There Are No Fs In Hypochondriac by Chris Burt

There are no f-bombs in the original Molière. Of course, we don’t know that he wasn’t about to add them in for the fifth performance of The Hypochondriac, and all subsequent, when he pitched over and died during the fourth one. We do know that a new ‘version’ (note that it is not called a new ‘translation’) by Richard Bean is currently onstage at The East Side Players' home at Todmorden Mills — Papermill Theatre — and it supplies whatever colour was missing from the language of the original.

The East Side Players (ESP) have been producing repertory theatre out of the City-owned and operated Don Valley facility since 1972, a remarkable run for any theatre company. Community theatre, like many other areas of non-big-league arts and culture, is too often ignored by most Torontonians. However, in a near-capacity theatre on a steamy Friday evening, the strength of that community is evident.

The production itself is enjoyable, and while the accents are occasionally funny ‘hmm,’ the farcical aspects and clowning are funny ‘ha-ha,’ and the emotional appeals ring true. To see non-Canadian repertory theatre performed at a higher level, one must travel to Niagara or Stratford. Indeed, this production represents the Canadian premier of this particular version, so just getting to see it will be of interest to Moliere fans, and those who enjoy farce and satire in general.

Papermill Theatre is located within Todmorden Mills, which seems like an underappreciated cousin to the Brick Works within the Don Valley revitalization. While the latter is recognized by many for its local and organic output, the same can’t be said of the East bank facility, despite its heritage homes, 9.2 hectare wildflower preserve, art gallery and active theatre. While ESP Publicity Director Daryn DeWalt mentions the comfort of the seats and the lack of a covered entrance with a marquee when asked for a wish list, the Papermill Theatre is roughly as comfortable and pleasant a space as the professional companies’ digs in the West end, even if you are not that interested in the visual art.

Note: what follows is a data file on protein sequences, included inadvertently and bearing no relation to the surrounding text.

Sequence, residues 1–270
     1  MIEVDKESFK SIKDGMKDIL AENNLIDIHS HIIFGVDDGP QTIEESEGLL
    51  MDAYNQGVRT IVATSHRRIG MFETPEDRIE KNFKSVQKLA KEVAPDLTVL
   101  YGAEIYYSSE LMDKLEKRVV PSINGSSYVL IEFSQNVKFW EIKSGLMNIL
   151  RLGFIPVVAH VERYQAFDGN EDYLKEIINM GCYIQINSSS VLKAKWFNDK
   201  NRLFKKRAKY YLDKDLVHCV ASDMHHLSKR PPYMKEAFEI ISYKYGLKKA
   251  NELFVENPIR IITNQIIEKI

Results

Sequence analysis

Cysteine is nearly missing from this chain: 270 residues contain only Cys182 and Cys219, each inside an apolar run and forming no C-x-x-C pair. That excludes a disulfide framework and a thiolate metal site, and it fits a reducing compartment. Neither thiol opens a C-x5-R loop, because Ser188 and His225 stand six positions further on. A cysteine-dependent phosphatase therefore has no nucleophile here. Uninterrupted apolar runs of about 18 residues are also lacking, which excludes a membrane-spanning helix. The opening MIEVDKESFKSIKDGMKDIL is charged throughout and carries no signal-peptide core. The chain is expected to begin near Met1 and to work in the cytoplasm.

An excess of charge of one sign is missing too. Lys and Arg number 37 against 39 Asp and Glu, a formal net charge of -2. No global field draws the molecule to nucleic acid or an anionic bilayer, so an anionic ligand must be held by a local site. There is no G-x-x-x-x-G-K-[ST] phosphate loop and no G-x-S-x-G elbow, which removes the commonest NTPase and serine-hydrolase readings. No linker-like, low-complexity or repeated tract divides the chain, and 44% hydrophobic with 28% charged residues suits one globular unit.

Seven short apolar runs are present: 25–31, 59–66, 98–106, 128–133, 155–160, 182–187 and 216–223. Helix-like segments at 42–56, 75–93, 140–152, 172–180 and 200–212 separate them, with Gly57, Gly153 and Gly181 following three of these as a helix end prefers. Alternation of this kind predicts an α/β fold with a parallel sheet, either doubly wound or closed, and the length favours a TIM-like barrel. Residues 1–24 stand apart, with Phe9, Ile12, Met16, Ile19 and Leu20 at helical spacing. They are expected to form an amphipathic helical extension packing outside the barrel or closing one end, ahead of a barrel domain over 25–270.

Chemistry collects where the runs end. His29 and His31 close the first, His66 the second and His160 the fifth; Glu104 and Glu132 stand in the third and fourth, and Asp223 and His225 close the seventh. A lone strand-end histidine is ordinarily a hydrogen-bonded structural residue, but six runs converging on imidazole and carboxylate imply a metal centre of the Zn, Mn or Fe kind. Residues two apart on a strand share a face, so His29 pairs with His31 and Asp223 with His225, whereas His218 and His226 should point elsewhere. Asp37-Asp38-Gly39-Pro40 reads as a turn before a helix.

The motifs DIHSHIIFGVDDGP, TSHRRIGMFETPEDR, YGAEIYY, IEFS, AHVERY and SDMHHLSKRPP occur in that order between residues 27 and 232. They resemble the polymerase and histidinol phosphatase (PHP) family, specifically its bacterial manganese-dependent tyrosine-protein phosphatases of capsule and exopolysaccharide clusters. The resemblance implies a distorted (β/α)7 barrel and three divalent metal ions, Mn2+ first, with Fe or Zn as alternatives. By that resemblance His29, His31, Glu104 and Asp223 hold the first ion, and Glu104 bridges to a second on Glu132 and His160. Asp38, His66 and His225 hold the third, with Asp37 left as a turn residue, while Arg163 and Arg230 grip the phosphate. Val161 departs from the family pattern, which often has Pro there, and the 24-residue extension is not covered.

DeWalt also mentions the heritage homes’ need of funds on his wish list, highlighting the community aspect of the group as a whole. Papermill Theatre will also be home to Amicus Productions for the 2012-13 season, as their usual spot at Fairview Library Theatre is renovated. DeWalt is also positive about Amicus’ imminent arrival in the building, citing the benefit to the city in rental revenue, and cross-promotional potential.

While most people will likely not travel from far out of town to see a play, for Torontonians who enjoy going to the theatre, East Side Players provide an easy, safe choice. The site is nice, and the tickets cost is moderate. The play will not be too avant-garde for the casual theatre attendee, nor will it be the sophomore flop of the next big thing in Canadian theatre*. It will be a quality play, done well; and it will be fresher than whatever is on TV.


* The reward of seeing a new play having its life breathed into it through the lungs of the character’s first iterations is worth heavy risk, but not for everyone.

Photo: John McQueen

Chris Burt is a freelance writer who writes about sports at, Toronto parenting at and whatever. You can follow him on Twitter: @AFakeChrisBurt.


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